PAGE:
Salmonella, MRSA, E. Coli Danger: Antibiotic Resistance from Animal Agriculture
Two million people contract antibiotic-resistant infections annually, according to the Centers for Disease Control and Prevention. PCRM’s new report finds that antibiotic resistance is almost entirely attributable to antimicrobial use in animal agriculture.
Animals raised for meat and dairy products are routinely treated with antibiotics to promote growth and reduce the risk of illnesses that would otherwise be common in crowded living conditions. Currently, 80 percent of antibiotics used in the United States are administered to animals on farms.
The antimicrobials are often added to the feed and drinking water of dairy cows and egg-laying hens, as well as meat-producing chickens, cows, pigs, turkeys, and even fish. This widespread use of antibiotics can give rise to resistant bacteria. Through contact with farm workers and contaminated waste runoff, resistant bacteria can spread to humans and to other animals.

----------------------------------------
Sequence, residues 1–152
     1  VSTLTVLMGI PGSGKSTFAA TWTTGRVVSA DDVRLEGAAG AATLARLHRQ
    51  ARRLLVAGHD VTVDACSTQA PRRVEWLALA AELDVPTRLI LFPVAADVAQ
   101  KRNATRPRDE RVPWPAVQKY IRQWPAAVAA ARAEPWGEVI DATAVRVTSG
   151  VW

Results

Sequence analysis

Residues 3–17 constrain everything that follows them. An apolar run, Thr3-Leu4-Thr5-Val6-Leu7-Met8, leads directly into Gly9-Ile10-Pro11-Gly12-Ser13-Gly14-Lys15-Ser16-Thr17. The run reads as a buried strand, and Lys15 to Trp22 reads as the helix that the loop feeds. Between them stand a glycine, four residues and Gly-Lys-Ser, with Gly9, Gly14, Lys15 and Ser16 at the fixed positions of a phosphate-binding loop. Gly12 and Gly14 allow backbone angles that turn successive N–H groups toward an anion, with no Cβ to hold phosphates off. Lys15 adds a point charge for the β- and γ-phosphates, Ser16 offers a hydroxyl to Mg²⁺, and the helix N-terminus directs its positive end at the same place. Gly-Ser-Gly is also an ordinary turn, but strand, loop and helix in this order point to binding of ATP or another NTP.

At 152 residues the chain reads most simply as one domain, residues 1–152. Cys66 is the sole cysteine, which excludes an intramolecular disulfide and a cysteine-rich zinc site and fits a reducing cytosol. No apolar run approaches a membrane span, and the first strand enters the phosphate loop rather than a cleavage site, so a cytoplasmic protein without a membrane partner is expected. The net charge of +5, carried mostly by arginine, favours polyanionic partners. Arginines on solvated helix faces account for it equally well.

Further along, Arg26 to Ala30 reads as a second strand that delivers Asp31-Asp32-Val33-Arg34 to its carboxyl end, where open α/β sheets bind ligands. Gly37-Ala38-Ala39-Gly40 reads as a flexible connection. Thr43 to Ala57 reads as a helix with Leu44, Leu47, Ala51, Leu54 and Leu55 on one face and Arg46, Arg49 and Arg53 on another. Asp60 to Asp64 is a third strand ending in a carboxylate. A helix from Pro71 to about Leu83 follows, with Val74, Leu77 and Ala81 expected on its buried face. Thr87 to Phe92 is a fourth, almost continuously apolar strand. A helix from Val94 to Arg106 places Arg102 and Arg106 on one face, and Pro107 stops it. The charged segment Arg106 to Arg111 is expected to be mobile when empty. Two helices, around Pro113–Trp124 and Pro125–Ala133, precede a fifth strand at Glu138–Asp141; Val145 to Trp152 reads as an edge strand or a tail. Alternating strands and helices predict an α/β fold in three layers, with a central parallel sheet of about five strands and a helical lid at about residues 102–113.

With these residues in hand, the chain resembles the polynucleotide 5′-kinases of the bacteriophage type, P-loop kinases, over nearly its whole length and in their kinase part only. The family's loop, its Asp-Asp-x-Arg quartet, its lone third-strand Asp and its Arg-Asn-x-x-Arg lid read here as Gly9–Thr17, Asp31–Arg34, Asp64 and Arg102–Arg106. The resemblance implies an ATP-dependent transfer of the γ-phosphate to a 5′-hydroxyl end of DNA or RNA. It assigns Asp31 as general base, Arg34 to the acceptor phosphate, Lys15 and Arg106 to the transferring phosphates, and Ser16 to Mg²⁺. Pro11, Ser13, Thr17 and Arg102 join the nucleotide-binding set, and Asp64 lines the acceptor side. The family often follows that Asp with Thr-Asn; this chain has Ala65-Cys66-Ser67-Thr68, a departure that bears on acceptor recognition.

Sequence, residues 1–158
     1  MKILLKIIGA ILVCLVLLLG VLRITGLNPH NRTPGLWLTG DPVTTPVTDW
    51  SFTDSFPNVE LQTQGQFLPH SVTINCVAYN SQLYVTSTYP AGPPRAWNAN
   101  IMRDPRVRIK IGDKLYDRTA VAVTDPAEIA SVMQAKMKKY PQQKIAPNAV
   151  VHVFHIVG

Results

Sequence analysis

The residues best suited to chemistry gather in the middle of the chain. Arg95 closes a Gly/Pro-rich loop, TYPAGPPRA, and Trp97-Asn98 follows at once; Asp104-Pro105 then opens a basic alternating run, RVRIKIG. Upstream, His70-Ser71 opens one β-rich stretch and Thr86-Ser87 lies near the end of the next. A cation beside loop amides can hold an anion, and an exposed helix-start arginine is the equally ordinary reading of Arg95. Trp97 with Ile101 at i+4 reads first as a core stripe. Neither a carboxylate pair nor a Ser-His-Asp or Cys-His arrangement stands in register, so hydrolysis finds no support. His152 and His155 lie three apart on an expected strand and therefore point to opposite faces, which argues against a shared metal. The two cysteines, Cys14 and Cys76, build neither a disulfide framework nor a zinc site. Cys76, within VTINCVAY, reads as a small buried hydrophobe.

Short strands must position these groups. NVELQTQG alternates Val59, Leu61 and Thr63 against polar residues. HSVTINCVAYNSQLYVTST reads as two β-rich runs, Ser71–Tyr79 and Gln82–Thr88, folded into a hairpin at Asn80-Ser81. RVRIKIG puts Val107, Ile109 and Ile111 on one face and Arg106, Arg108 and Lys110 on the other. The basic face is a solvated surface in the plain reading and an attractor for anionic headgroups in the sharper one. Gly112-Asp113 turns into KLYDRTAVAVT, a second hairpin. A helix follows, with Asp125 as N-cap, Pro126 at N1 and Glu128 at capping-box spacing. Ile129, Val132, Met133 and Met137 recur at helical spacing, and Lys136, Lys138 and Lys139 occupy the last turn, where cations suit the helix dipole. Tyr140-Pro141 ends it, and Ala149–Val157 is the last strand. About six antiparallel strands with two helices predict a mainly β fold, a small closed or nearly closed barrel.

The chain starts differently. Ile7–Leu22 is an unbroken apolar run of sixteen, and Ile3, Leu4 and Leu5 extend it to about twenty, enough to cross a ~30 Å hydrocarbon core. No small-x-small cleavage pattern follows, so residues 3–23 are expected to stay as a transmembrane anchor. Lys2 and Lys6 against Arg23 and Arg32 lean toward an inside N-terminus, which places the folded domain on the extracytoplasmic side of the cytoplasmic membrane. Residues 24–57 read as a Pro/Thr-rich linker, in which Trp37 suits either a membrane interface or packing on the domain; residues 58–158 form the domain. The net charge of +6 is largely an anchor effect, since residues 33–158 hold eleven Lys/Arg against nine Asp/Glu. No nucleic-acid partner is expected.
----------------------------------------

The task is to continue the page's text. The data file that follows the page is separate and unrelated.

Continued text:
Animal products are frequently associated with antimicrobial-resistant foodborne disease outbreaks. In 2011, the Center for Science in the Public Interest published an independent survey of foodborne illness due to antimicrobial-resistant bacteria. The contaminated products were most frequently dairy products followed by ground beef, poultry, pork, seafood, and eggs.
The Institute of Medicine at the National Academy of Sciences has estimated that the annual cost of treating antibiotic-resistant infections in the United States is $30 billion.
You can help stop the nontherapuetic use of antibiotics on factory farms. Ask your members of Congress to become co-sponsors of the Preservation of Antibiotics for Medical Treatment Act (H.R. 965/S.1211), a bill that will protect human health by limiting the use of antibiotics in livestock.
To read the report and take action, visit PCRM.org/Antibiotics.